What is the Common Data Set?
What does it mean? The Common Data Set refers to data collected by a group of publishers including US News Best College Rankings, The College Board, Petersons, and Wintergreen Orchard. The data includes information that is not part of government data including percentage of students receiving merit aid and the percentage of students that have… Continue reading
The Very Short List of Colleges that Meet 100% of Need
As families start to encounter sticker prices during their college search, they are often revived from their state of shock by soothing voices whispering, “it’s ok, it doesn’t include financial aid.” Students and their parents learn the conventional wisdom that hardly anyone pays full price at private colleges. While true, unfortunately this is when too… Continue reading
What is financial aid gapping?
What does it mean? When students submit their financial aid application, they receive a number they are expected to pay called the Expected Family Contribution (EFC). When you subtract the EFC from the total cost of attendance for a specific college, the amount left over is considered the student’s financial need. If a college’s financial… Continue reading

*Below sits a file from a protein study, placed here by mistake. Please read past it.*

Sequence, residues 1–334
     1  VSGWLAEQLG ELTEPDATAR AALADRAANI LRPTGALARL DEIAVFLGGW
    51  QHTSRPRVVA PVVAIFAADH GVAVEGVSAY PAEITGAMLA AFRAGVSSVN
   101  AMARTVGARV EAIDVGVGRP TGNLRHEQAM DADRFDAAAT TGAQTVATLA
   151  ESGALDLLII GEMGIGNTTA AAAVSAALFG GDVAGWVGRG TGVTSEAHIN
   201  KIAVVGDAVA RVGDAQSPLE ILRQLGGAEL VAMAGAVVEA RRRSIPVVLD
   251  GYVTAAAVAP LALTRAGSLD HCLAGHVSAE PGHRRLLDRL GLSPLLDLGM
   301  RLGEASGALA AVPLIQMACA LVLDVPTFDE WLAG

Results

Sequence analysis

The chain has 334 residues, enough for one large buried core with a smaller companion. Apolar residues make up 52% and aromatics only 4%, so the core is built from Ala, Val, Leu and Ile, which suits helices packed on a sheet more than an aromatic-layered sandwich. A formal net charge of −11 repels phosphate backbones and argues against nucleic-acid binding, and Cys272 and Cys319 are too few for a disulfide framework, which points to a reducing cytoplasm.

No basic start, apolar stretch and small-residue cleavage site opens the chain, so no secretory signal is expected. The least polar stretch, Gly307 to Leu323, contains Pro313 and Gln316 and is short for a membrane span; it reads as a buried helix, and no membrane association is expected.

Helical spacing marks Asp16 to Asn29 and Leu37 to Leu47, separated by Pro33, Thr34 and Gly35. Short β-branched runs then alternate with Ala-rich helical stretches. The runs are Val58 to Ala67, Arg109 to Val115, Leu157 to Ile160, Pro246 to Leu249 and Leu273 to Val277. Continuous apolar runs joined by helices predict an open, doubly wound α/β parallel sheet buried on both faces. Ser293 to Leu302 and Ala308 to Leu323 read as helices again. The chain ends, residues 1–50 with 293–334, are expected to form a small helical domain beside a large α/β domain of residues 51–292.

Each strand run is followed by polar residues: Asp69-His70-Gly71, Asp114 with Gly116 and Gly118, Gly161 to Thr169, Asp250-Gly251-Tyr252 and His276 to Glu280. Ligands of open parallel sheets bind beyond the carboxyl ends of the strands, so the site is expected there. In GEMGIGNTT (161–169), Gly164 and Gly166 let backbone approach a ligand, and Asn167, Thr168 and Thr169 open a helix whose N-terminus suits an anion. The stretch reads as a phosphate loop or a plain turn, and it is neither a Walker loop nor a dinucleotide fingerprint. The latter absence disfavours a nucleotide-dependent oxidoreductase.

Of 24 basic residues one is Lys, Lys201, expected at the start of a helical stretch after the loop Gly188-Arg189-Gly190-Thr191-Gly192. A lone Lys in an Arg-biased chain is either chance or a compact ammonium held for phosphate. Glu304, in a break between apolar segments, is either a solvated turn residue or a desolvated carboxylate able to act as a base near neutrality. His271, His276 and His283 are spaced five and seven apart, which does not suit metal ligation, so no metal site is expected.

Who Decides What are the Best and Most Interesting Colleges?
I was recently working on a custom list of colleges and the client was “confused” as to why two colleges were on the list, McDaniel College and Valparaiso University. She couldn’t find them listed in her Fiske Guide and so had no idea why we had selected the colleges. My problem isn’t with the client… Continue reading
What is merit aid?
What does it mean? Merit aid is a type of college financial aid. Colleges provide merit aid as an incentive for select students to attend their institution. Generally, these students have academic qualifications that would contribute to raising the college’s academic profile. Often students do not even have to apply for institutional merit scholarships.… Continue reading